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ableton's latest video series - "one thing" - is chock full of great advice from some of the best producers & musicians using live today. in this article, we collect all the tips from the series & explain the ideas in further detail than the 1 minute limitation allows. click any of the .gifs below to watch the respective original video from ableton or visit the official ableton page.

 
 

Kenny Segal says that "sometimes the best thing to sample is the space in between the actual notes." this makes a lot of sense - generally, a sound will degrade & distort as it decays & a lot of the more interesting textures happen here, only it is too quiet to hear well. try making this louder & hearing what kinds of sounds you're able to bring up into a more audible volume. you'll need a decent tail to work from, so try adding a lot of release or reverb & delay. if the section you pull out is still short, stretch it out & let the warp modes add even more texture to the sound. once your satisfied, consolidate (cmd + j) & drag it into simpler. try playing this with the original sound as a layer to balance out the ethereal sound with a more direct version.

 
 
 
 

once your satisfied, consolidate (cmd + j) & drag it into simpler. try playing this with the original sound as a layer to balance out the ethereal sound with a more direct version. try this with all kinds of sounds - record out some drums or chords from your track & see how sampling their tails can add to your arrangement.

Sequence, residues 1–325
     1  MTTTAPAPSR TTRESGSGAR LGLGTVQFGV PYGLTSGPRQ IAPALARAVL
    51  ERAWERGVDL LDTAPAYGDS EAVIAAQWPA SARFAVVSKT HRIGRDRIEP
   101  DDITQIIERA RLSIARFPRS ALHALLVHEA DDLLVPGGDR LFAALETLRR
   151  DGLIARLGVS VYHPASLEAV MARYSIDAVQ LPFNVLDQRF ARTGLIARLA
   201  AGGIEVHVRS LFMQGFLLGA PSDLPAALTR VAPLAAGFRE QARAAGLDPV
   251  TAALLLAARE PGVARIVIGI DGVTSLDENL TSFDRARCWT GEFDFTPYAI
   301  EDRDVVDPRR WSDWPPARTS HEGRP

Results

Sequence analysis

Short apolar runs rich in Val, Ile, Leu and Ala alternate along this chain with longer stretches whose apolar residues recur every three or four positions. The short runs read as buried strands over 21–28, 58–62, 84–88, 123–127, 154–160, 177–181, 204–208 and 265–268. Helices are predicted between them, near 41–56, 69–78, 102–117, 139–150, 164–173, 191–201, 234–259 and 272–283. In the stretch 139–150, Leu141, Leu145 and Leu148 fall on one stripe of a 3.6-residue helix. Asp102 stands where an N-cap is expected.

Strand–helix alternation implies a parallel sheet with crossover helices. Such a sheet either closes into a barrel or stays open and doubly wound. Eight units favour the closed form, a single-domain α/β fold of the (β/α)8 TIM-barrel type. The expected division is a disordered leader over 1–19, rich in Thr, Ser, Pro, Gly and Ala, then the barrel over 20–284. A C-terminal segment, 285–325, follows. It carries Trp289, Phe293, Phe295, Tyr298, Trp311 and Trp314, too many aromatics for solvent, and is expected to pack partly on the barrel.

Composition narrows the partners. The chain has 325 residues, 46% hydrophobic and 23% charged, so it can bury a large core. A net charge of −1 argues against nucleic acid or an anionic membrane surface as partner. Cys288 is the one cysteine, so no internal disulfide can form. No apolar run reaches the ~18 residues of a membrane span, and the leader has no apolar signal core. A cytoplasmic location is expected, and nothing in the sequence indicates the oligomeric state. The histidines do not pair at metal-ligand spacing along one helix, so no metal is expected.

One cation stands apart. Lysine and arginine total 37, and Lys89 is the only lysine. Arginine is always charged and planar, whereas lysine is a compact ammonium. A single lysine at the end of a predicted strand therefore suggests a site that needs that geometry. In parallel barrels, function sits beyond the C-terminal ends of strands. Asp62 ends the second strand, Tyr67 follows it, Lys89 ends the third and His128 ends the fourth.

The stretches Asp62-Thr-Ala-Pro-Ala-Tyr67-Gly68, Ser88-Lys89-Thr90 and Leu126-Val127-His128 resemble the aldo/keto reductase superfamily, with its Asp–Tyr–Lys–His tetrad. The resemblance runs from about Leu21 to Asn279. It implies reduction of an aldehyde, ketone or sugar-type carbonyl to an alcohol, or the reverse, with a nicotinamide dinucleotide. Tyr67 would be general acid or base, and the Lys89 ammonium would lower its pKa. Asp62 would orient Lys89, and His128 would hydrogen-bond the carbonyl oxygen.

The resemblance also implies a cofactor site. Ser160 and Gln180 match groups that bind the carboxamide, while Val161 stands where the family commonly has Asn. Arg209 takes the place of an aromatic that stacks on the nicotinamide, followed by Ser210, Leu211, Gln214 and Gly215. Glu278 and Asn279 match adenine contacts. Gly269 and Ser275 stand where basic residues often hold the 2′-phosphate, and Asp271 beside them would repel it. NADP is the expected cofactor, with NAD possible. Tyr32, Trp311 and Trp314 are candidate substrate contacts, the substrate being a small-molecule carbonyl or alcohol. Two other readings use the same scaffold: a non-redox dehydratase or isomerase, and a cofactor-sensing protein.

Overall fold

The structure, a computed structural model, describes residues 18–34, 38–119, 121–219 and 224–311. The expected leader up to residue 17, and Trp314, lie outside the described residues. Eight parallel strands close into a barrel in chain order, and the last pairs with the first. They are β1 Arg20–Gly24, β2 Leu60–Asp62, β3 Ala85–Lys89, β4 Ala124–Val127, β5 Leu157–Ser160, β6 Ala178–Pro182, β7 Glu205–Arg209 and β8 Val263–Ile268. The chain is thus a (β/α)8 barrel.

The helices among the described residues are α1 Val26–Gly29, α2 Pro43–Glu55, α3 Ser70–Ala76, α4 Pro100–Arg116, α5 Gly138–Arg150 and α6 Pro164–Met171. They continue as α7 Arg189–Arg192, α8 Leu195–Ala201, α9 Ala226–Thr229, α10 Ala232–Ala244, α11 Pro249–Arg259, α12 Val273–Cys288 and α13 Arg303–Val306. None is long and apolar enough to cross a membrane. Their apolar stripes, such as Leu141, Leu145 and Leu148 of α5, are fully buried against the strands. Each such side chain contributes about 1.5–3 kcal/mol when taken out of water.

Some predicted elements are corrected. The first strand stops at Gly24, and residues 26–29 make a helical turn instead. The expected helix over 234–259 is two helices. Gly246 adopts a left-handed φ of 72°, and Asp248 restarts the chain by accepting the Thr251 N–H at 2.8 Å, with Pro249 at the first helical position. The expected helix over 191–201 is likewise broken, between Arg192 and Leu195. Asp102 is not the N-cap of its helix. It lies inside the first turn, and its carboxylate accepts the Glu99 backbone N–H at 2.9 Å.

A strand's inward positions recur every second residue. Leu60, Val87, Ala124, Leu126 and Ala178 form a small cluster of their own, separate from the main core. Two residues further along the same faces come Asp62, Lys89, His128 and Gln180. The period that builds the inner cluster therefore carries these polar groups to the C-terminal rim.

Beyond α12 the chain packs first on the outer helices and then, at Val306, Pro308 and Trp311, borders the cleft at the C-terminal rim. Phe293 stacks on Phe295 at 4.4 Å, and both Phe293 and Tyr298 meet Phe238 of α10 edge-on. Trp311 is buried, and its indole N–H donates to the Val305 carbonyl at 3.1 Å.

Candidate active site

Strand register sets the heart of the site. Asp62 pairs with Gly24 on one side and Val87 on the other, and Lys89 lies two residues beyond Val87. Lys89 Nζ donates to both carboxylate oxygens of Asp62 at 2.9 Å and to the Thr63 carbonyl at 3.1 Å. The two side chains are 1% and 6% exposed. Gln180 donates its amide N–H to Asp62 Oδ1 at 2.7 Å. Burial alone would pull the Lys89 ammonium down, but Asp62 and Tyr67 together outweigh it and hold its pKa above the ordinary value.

when looking for a sound to use, we usually start by browsing through & trialing presets until we come across a patch that inspires us. Catnapp suggests doing the opposite - find the sound you most hate & work it into your track & see what happens from there.

 
 
 
 

by making your starting point as far away from your end goal as possible, you'll force yourself to exhaust your bag of tricks & discover new ways to process, manipulate, & mangle sounds in an effort of correction. as Catnapp puts it in her video, "developing habits can make a solid foundation for your tracks but sometimes it helps to take a different path." working with awful sounds is an excellent exercise of discovery.

 
 

Toni's tip is one of my favorites & one I've used for a long time. if you've never played with the beats mode transient envelope, you'll be amazed at how you can seemingly tighten up & mute a drum kit just by taking away some of the sustain.

 
 

as this tip demonstrates, there are lots of creative ways to use live's warp modes to manipulate your clips beyond their basic timing & pitch correction capabilities. I cover many more interesting uses in my article "5 things to know about warping".

 
 

Robot Koch opens his tip by explaining that "having too many options can be distracting." this has never been more of a problem than with the modern daw - you can do so much that it can be paralyzing. when you think back into the history of recording, many of the best albums ever made were recorded to tape & the musicians weren't able to quantize a midi clip after the fact, for example. to make progress, you'll have to create constraints & commit to things, perfections & options be damned.

 
 
 
 

the best way to do this is to freeze a track via the context menu & then flatten it. this will bounce down all midi & effects on a given track into an audio track. it's good to keep in mind you can do multiple tracks at once if necessary!